I’ve always believed that films should be viewed in one sitting.
No pauses, stops or breaks (take that pee before the movie, dummy!). An immersive experience that demands, or, at the very least merits, your full attention for what is a relatively short period of time compared to, say reading Tolstoy’s War and Peace or building a tabletop replica of the Eiffel Tower using matchsticks.
How then to deal with my recent ordeal of watching Ryusuke Hamaguchi’s critically lauded Drive My Car; a three hour movie that I barely managed to complete in four separate sittings over the course of a week?
Sure I can offer up various excuses about being too busy or too tired (the ill-chosen times my partner and I decided to watch certainly didn’t help), but I can’t actually remember a film that has tested my patience or perseverance quite like this one.
I was curious to understand why.
The film, based on a short story by Haruki Murakami tells of recently widowed theatre director Yûsuke (Hidetoshi Nishijima) coming to terms with grief and his ailing eyesight brought on by glaucoma, who employs young chauffeur Misaki (Tôko Miura) to drive his car while on a directing assignment in Hiroshima. The play being directed is ‘Uncle Vanya’, Anton Chekov’s tale of unrequited love, betrayal and existential regrets, and so we have a play within a film that juxtaposes characters, plot and meaning both onstage and off.
I’ve watched my fair share of contemplative, slow cinema and appreciate that the best of serenely poetic Japanese film – pioneered in the 1950s by the likes of Yasujiro Ozu (Tokyo Story, Floating Weeds) – require audiences to surrender themselves to a more languid pace of storytelling.
These are the types of film that chime perfectly with a culture we so often associate to quiet, respectful contemplation. Japanese gardens are, after all, attempts to find a tranquil, peaceful balance and Shinto shrines are spaces that invite, rather than demand, prayer and reverence. This is of course just one aspect of Japanese culture, as a visit to any of the bustling, noisy and visually chaotic parts of Tokyo or a binge-watch of Takeshi Kitano’s movie back catalogue will attest.
But there is a particular embedded atmosphere and mood to Drive My Car’s brand of Japanese film that is very much at odds with the conventions of most western film-makers, who cut faster and fill their frames with the busy-ness of entertainment; as if painfully aware of our rapidly diminishing attention spans.
Hamaguchi, like Ozu before him, is interested in the subtext of human emotion, the pain and pleasure of our everyday existence and the ripples of quiet desperation that often follow in the wake of tragedy.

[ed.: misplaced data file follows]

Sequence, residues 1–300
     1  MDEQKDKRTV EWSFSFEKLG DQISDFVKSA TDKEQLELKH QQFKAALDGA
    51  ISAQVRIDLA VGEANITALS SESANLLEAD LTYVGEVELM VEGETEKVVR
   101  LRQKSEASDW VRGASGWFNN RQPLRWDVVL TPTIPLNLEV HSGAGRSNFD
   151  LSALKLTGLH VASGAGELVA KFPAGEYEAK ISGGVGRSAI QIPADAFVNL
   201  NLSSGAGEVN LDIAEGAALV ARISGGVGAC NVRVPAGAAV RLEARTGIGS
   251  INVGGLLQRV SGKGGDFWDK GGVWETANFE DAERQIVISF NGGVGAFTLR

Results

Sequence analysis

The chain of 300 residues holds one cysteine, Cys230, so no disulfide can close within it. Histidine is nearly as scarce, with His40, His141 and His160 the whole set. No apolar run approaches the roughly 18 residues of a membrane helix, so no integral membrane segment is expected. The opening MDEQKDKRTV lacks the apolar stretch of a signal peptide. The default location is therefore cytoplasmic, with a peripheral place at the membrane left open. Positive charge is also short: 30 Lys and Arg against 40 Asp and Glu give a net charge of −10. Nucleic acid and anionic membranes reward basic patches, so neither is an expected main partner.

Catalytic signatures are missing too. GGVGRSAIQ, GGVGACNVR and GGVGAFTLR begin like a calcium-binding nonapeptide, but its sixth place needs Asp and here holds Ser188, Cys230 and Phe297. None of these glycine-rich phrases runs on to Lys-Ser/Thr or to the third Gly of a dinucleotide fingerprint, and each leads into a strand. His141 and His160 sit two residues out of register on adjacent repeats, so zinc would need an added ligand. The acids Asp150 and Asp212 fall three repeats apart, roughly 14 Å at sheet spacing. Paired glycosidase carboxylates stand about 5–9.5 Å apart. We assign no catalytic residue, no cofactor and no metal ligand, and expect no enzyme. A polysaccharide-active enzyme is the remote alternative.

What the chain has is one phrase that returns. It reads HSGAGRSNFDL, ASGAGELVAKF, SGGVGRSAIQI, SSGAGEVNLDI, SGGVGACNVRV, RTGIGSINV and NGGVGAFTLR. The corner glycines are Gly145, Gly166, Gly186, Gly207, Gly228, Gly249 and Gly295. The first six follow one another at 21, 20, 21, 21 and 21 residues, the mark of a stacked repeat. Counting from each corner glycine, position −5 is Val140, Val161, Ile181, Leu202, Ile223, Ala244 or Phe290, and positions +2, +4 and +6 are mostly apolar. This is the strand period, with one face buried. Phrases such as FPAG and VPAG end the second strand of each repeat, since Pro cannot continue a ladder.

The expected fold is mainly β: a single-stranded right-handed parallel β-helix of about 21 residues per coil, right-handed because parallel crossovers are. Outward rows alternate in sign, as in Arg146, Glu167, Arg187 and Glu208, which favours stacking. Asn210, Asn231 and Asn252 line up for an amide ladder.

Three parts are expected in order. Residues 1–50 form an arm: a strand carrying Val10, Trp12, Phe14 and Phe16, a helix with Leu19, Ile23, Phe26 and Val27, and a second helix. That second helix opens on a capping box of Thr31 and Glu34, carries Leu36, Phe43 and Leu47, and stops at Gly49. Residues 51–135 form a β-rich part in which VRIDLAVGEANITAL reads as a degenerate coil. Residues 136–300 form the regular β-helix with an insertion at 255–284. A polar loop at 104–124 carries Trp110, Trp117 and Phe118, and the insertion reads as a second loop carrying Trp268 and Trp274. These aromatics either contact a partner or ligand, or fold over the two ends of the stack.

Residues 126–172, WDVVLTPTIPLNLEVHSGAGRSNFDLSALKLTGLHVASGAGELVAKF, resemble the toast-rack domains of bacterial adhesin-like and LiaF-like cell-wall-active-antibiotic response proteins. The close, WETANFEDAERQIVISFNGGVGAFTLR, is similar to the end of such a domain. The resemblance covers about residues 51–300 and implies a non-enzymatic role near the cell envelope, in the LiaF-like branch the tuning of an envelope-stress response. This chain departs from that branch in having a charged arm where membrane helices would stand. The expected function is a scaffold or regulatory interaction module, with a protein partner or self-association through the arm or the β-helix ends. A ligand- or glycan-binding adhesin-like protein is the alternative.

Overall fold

For these reasons, shots in Drive My Car linger and scenes last that little bit longer, inviting us to absorb the significance of something felt rather than something simply seen; the moment… held.
Ah, the moment.
Here I must confess to spending far too much time on my phone, and am all to conscious of the effect mindless scrolling is having on my ability to be in the here and now. With so many of other people’s moments filtering past my skitteringly restless eyeballs on an hourly basis, how is it possible to see or even acknowledge my own tranquil headspace anymore?
I realised then that this ‘moment’, where we are fully present and not distracted by ruminations on the past or worries about the future, is what Drive My Car’s languid pace looked to remind me of and which I sadly struggled to stay awake for.
This brought to mind the Iranian film-maker Abbas Kiarostami who once said that the same films which made him doze off in the theater were often the same films he would think about at night, into the morning and for many weeks after —suggesting that certain films need time to filter their way through other parts of our subconscious before revealing a deeper personal connection.
After finally completing Drive My Car, bleary (and teary) eyed at an hour way past my bedtime, I was able to reflect on the overall impact of the film critically, but – as with Kiarostami – it’s taken some time to gain a better understanding of the film’s impact on me, and I think I get it now.
As I type these words, out of the corner of my eye I can see the quietly flashing updates from my phone beckoning me to give them some attention.
I think though, i’d prefer to be here.
It’s more important.
Drive My Car is available to stream on Mubi